So, starting off safely, I started to try being more open and honest with my family and close friends. They took it well which makes me lucky; if they’d not reacted well to my sudden change in confidence I could have easily started feeling worse about myself.So I practiced and practiced, standing up for myself when necessary (and in the necessary place/time), I’d explain if somebody had said something that pissed me off or hurt me. And letting out these little irritants as they happened meant the pressure cooker was under a lot less pressure, because the little things weren’t building up. This also meant that when more serious events happened, I had more ‘capacity’ to hold my emotions. I coped much better with things, and, my then-recent relationship with Bex had really helped me. I felt loved for me; I felt safe to show her that side of me that I’d hidden away for so long. Bex was the first (and at one point) only one who regularly saw my highly emotional states. And this helped me to feel safe enough to share more of my “hidden” personality with others. I started to feel ok to say some days if I wasn’t ok, mentally. Not only was I admitting that part of me to others, I was admitting that part of me existed and I was able to reintegrate that “part” of me into the “whole” of me. Instead of being “This part” or “that part” of myself, I just became myself. I gave a little of all aspects of my personality, in the right situations. I accepted my emotions, I learned what works for me when I feel like my pressure cooker is getting a bit full. In the last year there’s been a handful of occasions where I’ve had that feeling that I wanted to hurt myself. But I’ve learned what it is I actually feel at those times, and that’s anger. This is an emotion I have always denied having, felt guilty for having. I realised that we all experience anger, sadness, happiness, excitement and that whatever we felt, it was never wrong or bad. I made myself aware of how anger makes me feel physically, and whenever I feel so angry that I get an urge to hurt myself, I remind myself that my body is starting to react to the intense emotions. Sometimes it just takes a few deeeeeep breaths to calm me down. Other times, I feel safest in my bed. And I always try to tell somebody when I am feeling angry, which usually triggers me to cry, which acts to relieve the pressure cooker! Making sense?? I bet I lost you at the first line!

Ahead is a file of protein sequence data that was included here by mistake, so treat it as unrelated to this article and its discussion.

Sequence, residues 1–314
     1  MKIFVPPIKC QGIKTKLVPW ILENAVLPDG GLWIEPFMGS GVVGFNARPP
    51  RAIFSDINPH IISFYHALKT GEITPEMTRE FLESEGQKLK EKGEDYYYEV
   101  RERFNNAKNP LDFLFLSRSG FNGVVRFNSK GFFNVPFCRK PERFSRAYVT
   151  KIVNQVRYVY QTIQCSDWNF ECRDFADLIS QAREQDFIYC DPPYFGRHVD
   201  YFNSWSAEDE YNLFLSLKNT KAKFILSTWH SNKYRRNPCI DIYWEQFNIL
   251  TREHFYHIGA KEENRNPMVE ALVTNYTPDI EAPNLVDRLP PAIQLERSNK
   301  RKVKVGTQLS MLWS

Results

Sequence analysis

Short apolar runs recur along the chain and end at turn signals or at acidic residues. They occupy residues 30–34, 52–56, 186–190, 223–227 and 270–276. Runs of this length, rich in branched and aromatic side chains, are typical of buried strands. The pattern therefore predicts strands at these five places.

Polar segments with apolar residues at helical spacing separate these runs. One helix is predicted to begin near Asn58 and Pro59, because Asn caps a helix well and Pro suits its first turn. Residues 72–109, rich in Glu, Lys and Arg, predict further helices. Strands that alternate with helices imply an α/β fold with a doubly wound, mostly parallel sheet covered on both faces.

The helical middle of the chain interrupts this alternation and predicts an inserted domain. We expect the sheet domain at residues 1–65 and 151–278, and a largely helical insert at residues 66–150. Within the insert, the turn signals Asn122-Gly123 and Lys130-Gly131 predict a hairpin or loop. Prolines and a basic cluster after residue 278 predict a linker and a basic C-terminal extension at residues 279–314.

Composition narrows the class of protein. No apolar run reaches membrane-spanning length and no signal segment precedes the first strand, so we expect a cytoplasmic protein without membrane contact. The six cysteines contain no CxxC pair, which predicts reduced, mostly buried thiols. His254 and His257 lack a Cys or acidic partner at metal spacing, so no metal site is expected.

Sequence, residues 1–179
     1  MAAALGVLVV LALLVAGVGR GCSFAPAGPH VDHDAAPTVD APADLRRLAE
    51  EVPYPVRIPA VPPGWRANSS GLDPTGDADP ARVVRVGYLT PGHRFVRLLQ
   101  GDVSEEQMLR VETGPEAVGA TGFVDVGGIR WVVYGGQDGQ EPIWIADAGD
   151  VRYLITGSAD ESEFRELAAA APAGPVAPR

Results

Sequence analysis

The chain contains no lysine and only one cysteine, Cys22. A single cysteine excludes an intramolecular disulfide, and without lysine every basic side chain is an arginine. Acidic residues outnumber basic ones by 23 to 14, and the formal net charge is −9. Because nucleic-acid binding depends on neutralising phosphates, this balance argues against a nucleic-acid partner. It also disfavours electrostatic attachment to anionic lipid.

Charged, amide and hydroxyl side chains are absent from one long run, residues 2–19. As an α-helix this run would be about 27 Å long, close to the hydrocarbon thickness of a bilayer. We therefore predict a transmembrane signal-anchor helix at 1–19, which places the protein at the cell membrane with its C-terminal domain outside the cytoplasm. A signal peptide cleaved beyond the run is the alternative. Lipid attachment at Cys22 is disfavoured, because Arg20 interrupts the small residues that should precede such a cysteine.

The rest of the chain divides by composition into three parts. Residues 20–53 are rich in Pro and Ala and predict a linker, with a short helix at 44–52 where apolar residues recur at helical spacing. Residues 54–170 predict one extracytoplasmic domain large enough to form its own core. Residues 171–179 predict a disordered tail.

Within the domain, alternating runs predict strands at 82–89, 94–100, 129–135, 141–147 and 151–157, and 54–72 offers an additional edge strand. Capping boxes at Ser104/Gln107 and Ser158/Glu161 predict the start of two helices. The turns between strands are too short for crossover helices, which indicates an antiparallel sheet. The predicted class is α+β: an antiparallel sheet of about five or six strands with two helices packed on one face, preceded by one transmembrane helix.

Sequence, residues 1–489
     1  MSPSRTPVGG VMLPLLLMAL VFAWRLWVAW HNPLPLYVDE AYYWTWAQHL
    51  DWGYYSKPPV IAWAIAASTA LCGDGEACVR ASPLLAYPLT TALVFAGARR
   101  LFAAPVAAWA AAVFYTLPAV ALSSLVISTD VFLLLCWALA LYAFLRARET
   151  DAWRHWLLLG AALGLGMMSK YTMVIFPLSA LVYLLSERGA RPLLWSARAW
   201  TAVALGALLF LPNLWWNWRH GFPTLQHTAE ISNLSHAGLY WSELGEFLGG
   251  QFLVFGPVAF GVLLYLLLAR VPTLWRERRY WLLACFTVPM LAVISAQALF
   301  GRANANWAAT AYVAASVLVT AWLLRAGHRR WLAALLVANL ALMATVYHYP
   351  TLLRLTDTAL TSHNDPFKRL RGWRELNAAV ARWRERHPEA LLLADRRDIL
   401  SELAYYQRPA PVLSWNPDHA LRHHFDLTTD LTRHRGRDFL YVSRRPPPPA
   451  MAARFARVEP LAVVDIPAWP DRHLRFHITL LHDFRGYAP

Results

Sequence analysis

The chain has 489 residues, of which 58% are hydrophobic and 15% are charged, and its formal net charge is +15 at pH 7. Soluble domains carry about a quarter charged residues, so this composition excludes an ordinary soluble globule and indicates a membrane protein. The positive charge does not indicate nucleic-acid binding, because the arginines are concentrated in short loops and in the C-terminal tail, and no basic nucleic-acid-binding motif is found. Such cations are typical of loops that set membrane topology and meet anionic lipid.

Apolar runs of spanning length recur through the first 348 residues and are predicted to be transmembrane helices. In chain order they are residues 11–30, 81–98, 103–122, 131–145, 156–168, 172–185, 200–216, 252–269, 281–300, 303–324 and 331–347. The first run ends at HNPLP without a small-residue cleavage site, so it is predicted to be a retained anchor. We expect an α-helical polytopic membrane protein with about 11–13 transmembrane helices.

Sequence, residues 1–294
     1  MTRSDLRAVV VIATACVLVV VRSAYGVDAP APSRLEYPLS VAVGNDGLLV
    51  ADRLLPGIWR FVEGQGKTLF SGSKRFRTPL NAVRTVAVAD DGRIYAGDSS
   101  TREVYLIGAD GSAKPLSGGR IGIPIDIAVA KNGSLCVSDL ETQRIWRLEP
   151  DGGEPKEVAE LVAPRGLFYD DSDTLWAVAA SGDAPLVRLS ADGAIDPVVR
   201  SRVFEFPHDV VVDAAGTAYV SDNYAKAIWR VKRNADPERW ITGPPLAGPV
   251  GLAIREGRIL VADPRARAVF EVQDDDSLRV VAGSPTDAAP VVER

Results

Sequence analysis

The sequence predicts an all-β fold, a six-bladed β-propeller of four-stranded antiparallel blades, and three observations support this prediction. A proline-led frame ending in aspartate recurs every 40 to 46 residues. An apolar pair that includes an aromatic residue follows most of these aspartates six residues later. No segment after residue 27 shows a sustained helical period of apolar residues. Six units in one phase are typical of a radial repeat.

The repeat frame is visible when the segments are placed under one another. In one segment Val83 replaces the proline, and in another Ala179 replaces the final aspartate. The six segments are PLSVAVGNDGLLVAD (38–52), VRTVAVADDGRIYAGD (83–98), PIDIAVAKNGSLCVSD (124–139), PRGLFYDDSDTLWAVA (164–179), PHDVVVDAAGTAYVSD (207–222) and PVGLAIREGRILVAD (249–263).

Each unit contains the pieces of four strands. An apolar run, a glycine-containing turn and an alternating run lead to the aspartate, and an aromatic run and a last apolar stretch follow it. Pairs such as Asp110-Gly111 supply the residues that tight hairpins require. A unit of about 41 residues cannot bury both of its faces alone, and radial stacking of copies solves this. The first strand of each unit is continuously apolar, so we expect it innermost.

So, I’m hoping to be back here more often again now. I’ve had a pretty hectic and exhausting few months and things have been difficult. But, despite this, on 1st March 2016 I was exactly 1 year free of self harm. Now over a year free, I believe that the urges to self harm will come and go for the rest of my life when my emotions are very intense. But I also believe I can overcome it by using what I’ve learned so far and by letting those closest to me in more. I’m still learning, and will share what I learn hopefully here, and I’ll learn til the day I die.
I’m lucky. Some aren’t. But nobody deserves to feel such self-hatred, depression and whatever else; not even me!
Never give up the opportunities that life brings your way. Live for now; not the past and not the future. What’s important is that right here and right now, all is well.
I’m so happy to feel happiness again. I had forgotten how good it feels. And I wish everybody nothing but happiness, because we all deserve it!
One thought on “This is not the end. This is the beginning.”
Very inspiring 😊